Loved reading through Aaron Sorkin’s Hidden in This Picture, I am not much of a fan reading through scripts by myself, but with a small cast (this text is a cast of four) it is much easier to follow, and this play in particular had me laughing out loud many times!
When Andy and I met this morning he had read through Edward Albee’s The Zoo Story, so when I read through it cold with him I could feel his eyes on my reaction. I was also unprepared for the seven page monologue! Andy had me read the part of Jerry because of the numerous lines (Andy is one of the lead characters in Loco Show Co.’s production of Our House), but I thoroughly enjoyed the role right to the end. If this is to be the text we use then I think the casting is solid.
Before the meeting this evening I attended an audition workshop. It was aimed at those considering a career in musical theatre, but some of what we learnt is applicable to any audition. Sight-reading for instance, it is very tempting to look down at the script in hand when relaying the lines and it can quickly become a habit, as opposed to logically holding up the text nearer to eye level, and that way your head does not drop allowing you to act. It seems simple, but out of the near twenty of us in attendance, only three thought to do that, not including myself.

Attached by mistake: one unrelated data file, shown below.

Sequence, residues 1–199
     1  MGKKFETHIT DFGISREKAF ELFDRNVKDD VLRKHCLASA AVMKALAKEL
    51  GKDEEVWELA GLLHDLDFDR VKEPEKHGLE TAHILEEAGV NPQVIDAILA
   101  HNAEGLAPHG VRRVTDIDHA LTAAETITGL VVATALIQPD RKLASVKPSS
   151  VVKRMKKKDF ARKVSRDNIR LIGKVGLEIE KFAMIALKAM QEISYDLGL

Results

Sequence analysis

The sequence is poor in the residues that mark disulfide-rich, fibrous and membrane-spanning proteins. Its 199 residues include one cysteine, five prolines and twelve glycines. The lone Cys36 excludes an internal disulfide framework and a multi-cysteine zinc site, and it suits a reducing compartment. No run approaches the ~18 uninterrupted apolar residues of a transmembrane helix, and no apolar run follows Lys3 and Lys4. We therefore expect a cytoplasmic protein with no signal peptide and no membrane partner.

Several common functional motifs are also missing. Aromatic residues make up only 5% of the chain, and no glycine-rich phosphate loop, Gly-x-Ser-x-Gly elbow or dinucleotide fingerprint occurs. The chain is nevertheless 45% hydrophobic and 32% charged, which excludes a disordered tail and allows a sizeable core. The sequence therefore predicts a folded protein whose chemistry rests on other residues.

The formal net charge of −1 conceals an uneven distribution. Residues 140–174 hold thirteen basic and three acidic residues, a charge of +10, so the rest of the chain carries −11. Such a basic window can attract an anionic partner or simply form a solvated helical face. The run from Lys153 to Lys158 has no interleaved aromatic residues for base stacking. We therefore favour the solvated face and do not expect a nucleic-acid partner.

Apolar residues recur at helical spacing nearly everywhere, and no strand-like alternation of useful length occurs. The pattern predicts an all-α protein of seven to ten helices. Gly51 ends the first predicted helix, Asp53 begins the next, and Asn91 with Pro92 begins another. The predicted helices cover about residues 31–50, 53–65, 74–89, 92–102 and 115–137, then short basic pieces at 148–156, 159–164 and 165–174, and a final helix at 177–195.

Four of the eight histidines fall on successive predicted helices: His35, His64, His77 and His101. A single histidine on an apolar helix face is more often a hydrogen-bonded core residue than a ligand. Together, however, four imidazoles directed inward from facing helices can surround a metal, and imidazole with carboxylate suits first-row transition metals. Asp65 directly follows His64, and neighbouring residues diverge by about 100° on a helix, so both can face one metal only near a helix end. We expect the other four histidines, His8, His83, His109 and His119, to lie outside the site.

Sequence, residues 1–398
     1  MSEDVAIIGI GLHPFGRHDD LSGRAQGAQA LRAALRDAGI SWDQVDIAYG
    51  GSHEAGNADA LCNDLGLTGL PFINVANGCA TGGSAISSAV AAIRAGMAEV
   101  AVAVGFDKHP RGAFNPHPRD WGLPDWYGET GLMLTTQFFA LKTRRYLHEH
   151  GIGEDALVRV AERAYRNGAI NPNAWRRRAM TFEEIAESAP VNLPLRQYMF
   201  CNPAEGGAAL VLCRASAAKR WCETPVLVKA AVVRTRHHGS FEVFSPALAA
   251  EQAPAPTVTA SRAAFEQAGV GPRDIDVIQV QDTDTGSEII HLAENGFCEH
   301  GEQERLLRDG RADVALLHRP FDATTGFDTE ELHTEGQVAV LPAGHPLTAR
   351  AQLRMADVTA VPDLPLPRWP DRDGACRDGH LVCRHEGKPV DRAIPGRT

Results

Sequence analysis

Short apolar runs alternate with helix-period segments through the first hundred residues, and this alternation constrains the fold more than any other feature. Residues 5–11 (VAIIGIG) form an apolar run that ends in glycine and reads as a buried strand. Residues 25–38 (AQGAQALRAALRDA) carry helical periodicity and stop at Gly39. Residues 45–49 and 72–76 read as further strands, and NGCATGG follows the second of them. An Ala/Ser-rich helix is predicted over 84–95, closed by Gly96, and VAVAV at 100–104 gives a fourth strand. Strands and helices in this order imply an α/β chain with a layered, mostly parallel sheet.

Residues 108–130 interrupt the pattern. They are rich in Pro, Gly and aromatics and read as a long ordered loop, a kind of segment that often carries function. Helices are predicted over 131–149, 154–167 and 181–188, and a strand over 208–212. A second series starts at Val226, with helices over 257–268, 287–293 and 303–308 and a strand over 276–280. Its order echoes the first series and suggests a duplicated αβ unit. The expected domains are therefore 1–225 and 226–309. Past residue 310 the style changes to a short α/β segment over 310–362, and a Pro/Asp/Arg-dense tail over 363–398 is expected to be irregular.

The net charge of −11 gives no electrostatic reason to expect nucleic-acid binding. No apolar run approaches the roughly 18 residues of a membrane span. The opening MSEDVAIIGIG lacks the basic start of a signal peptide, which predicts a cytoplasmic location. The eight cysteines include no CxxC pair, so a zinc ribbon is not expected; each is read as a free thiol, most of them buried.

At the meeting with our module leaders we spoke with them about the choices of scripts we have, and the struggle to acquire a copy of Jannuzzi’s A Bench at the Edge. When deciding upon which script to perform, we need to look at the pros and cons of each text and justify the direction of the piece. What are we trying to do with it and why? Think about the logistics of the performance space and the audience. Between company members it is never a case of saying “no” to someone, only an idea; an idea can only move forward if the whole company accepts it. Meetings for the module will continue fortnightly. TM